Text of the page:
OMNES Informs Over 30 women About the Prevention of Stress and Violence

Throughout the past year, the Organization for Legal and Social Research – OMNES has held workshops for 35 women in Ferizaj, Fushë Kosova, and Pristina about stress and domestic violence and how to prevent these problems.

In addition to the workshops, OMNES also carried out research with 70 women and girls related to the framework of the initiative  “Advocating to relevant institutions for protection against violence and the impact of the COVID-19 pandemic on stress and depression in women.”

According to Blerim Gruda, project manager at OMNES, the two-month research was held in three municipalities and lasted five days. The online workshops have been held for women participants upon request.

“90% or 95% of them wanted the training to be held online because some of them probably had more confidence participating or simply did not want to see or meet physically. After the physical meetings, we started online training. They started to tell their stories without being exposed or having physical contact,” he said.

OMNES’ research has highlighted the increase in cases of stress and violence during the COVID-19 pandemic.

The research shows that in the period March-June 2019, 557 domestic violence cases have been reported, while in the period March-June 2020, the number has increased to 696 cases.

Following the findings of the research, OMNES came up with a total of seven recommendations:

• To raise awareness in society in the prevention of violence against women, as it is necessary to change the attitudes and behaviours of both men and women, regarding prejudices and stereotypes against women in order to prevent domestic violence;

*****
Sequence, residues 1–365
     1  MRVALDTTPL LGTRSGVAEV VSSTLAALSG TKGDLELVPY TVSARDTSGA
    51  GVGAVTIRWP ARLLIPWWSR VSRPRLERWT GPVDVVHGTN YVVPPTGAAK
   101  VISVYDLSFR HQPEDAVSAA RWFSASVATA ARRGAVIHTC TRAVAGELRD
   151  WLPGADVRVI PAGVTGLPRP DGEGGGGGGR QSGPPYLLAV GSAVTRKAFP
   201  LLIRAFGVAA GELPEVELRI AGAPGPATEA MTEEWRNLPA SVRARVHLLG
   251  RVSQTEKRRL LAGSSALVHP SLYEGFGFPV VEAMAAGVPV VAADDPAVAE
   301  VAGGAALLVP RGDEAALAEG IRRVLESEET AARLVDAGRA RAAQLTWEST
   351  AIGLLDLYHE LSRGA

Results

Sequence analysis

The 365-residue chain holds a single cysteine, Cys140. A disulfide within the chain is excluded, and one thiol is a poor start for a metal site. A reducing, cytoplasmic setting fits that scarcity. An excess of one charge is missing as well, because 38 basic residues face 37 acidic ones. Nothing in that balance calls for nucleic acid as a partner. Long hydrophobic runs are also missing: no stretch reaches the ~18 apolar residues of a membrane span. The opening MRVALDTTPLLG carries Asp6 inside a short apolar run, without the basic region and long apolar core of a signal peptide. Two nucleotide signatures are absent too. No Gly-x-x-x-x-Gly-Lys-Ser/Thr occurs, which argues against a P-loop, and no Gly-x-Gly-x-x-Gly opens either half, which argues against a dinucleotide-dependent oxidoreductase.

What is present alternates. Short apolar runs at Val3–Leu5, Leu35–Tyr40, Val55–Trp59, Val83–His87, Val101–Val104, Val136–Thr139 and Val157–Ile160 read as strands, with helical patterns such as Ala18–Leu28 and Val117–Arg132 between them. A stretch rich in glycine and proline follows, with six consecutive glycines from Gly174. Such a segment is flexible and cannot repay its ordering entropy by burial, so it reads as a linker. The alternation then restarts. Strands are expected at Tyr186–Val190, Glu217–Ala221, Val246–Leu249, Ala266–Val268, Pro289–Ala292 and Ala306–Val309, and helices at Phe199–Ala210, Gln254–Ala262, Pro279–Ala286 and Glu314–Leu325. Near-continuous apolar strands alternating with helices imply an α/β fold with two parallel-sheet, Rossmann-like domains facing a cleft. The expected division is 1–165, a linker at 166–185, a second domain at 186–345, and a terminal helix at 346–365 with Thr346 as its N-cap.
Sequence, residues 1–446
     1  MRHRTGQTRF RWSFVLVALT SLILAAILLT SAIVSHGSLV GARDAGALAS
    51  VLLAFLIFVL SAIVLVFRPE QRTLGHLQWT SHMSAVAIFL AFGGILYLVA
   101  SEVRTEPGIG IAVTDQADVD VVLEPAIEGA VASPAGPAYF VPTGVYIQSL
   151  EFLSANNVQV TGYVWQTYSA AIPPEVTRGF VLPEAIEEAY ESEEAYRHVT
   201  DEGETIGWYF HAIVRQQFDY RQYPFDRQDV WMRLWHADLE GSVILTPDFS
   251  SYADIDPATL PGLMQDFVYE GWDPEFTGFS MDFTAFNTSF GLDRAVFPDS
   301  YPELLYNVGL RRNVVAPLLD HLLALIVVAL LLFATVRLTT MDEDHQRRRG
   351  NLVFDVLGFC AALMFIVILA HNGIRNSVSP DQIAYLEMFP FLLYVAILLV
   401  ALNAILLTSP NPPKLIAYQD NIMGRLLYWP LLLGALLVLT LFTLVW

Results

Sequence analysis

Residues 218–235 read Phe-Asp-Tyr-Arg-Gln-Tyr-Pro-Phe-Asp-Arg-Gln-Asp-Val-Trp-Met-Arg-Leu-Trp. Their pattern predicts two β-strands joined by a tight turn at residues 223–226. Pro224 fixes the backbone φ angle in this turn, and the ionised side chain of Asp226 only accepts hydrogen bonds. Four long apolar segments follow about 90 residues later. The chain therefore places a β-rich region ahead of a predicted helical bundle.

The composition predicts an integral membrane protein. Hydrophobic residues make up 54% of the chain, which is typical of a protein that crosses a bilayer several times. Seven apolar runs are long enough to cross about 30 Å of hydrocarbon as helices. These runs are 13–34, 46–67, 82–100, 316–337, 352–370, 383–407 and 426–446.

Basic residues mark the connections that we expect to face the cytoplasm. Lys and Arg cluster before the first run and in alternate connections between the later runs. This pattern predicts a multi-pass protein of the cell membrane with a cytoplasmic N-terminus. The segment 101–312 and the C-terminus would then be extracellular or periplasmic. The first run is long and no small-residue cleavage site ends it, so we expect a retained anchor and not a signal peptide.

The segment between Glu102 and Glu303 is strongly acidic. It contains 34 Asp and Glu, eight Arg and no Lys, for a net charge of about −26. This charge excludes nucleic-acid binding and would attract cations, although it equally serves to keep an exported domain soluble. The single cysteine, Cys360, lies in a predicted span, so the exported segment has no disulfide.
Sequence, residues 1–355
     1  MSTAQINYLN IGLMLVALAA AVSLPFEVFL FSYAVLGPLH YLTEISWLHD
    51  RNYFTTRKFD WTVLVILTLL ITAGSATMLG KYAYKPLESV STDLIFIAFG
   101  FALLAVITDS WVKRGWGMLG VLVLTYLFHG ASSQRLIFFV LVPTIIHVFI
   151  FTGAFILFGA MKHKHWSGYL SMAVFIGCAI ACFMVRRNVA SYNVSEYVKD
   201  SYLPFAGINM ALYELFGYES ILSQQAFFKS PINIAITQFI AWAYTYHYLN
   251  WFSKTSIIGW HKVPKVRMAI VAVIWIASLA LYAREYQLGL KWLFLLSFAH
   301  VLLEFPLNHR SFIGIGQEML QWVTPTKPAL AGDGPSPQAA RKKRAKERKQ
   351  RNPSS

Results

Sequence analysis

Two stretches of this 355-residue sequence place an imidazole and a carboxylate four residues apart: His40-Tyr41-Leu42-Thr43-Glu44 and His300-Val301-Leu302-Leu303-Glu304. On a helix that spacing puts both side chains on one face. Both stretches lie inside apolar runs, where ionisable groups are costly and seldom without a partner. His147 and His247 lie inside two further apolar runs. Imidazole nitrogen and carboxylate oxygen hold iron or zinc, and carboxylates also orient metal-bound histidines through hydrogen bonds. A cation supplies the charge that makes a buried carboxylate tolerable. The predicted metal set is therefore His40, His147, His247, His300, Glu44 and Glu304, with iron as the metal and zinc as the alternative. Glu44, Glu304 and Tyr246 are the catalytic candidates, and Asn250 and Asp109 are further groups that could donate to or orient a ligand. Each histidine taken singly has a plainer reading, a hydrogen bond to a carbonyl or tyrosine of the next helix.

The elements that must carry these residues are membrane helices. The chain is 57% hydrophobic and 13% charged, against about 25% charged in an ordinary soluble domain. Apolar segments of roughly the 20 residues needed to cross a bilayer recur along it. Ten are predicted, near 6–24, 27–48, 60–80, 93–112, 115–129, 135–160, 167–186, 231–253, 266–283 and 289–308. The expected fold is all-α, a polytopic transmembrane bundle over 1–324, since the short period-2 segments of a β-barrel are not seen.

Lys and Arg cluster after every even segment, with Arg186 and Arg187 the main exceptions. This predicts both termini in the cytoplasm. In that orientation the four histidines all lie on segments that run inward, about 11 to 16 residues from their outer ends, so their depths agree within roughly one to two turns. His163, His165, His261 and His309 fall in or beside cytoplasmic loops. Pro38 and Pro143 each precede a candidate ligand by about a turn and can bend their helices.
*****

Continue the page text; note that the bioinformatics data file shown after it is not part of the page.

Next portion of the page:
• Ensure that measures for emergency situations such as the COVID-19 pandemic address cross-cutting inequalities, such as the needs of women of different abilities, ages, and ethnicity, and those in rural areas;

• To engage civil society more, including Civil Society Organizations in the process of drafting measures to address COVID-19 in the short, medium and long term;

• Revise the recovery plan in order to prioritize investments in social infrastructure, including health care, education, care services, social services, especially for people experiencing violence, and unsafe environments.

• The victim should be at the center of all policies and that the prosecution of the perpetrator should continue even if the victim withdraws;

• Allocate resources to evidence-based rehabilitation programs to prevent future violence;

• Ensure the availability of social housing that could be used for a period of time by victims of domestic violence, after they leave shelters and before they become fully financially independent.

However, the increase in cases did not turn out to be the only problem in society, since according to Gruda, during this time, there was also a lack of information on how to report the violence.

“I think the project has had a very positive impact on the basis of how much they have been informed on where and how to report on such cases,” said Gruda.

This project has been supported by the Kosovo Women’s Fund 17th round with the support of the European Union Office in Kosovo (EU) via KWN’s initiative: “Enhancing the Capacities and Resilience of CSO’s: Furthering Gender Equality Amid the COVID-19 Pandemic.